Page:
The prototype class follows the “Mark” naming scheme. This is the original vehicle class that the UBC Supermileage Team participated in. Technical specifications for the UBC Supermileage Team’s prototype vehicles can be found here.
In 2009/2010 the team transitioned to the relevant and practical urban concept car. Recently, resources have allowed the team to also continue development of the prototype vehicle.
2013 – Mark VIII
The Mark series made a triumphant return in 2013 after a 4 year hiatus. Due to limited resources in constructing two vehicles simultaneously, the aeroshell was reused from previous years. This year featured a jackshaft transmission, which reduced losses in the drivetrain and was much lighter than the gearbox seen in the Urban Concept vehicle of the same year.
2008 – Mark VII
The team continued to improve on the design of the vehicle in order to compete in the Shell Eco-Marathon Americas for the first time. The quality of the aero shell was the best the team had built to date and the chassis design was optimized a little further.
In order to meet SEMA rules, the vehicle also featured front brakes and other new safety features.
2007 – Mark VI
The 2006/2007 year was spent rebuilding the prototype vehicle from the ground up in order to turn over the design to an excited new, young team. In anticipation for the Shell Eco-Marathon Americas, the vehicle saw some improvements to the chassis and safety systems as well as manufacturing processes.
The manufacturing process for the aero shell was also improved again. New materials and methods were used while manufacturing the mould. This was the first time the team built a female mould and this enabled them to manufacture their carbon fibre aero shell very accurately and with an improved surface finish. This mould and manufacturing methods were carried towards later years’ designs.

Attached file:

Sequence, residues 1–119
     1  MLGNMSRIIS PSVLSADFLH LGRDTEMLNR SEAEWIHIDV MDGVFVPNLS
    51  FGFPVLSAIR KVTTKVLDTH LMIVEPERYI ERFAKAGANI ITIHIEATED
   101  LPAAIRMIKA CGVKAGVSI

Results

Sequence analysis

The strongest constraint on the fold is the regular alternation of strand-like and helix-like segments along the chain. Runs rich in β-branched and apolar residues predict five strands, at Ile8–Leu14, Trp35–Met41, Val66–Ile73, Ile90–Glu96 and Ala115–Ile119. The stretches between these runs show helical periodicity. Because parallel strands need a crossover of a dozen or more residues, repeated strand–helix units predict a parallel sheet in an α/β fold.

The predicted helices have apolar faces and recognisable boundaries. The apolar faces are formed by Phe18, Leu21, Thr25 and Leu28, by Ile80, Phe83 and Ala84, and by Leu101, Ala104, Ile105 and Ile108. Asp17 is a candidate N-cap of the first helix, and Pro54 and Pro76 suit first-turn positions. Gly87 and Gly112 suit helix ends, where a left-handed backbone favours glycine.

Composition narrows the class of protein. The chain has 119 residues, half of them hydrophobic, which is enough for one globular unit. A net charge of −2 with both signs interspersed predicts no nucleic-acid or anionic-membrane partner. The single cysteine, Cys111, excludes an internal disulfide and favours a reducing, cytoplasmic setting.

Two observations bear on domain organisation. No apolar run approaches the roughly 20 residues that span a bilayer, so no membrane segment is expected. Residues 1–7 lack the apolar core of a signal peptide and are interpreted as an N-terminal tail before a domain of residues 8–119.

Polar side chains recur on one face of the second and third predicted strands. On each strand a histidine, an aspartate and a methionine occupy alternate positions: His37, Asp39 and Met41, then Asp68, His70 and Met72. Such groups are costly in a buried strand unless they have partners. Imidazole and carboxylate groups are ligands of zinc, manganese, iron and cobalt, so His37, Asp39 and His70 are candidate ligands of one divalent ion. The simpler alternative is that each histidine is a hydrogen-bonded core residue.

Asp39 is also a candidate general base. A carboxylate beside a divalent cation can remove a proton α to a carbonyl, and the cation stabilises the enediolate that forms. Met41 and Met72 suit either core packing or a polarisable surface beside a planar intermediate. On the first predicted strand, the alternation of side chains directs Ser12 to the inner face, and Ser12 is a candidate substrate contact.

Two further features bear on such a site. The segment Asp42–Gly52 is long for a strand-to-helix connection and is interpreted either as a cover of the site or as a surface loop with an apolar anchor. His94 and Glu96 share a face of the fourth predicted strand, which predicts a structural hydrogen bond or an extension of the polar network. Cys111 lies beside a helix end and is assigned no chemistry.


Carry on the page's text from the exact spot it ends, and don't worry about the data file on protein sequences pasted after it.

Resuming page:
2006 – Mark V
A year spent fine tuning the Mark IV’s design, the entire vehicle was rebuilt with improvements. The vehicle shed a little more weight as well as see improved quality with some components. The material selection and manufacturing process for the aero shell were improved, giving the vehicle a stiffer, more durable body.
Both the steering and engine were also tuned extensively, allowing for a significant reduction in energy loss within the vehicle during operation.
2005 – Mark IV
Two years in development. Significant time was spent in the wind tunnel and in CAD programs to design the 2005 vehicle. There was great pain taken to balance the features between smooth transitioning curves and reducing frontal area. The introduction of curved underbody features also helped to improve aerodynamics significantly over the 2003/2004 body.
The chassis was redesigned to fit the new underbody fairing as well as improve durability and increase stiffness.
The reduced displacement engine posed many challenges both in development and integration into the vehicle.
2003/2004 – Mark III
This vehicle marked some advances in body fabrication techniques as well as a shift from using fibre glass to carbon fibre as the base material for the body. The vehicle had an actual underbody versus previous year’s sheet metal body pan.
2004 was the first time the team implemented a fuel injection system on the engine. There was much experience gained during its development.
2002 – Mark II
The team’s first endeavour into a fully enclosed fairing. It was the first step towards advancing the aerodynamics of the vehicle. Windtunnel testing proved useful in showing separation behind the front wheel areas on earlier prototypes.
The chassis was constructed using honeycomb sandwich panels donated by Avcorp.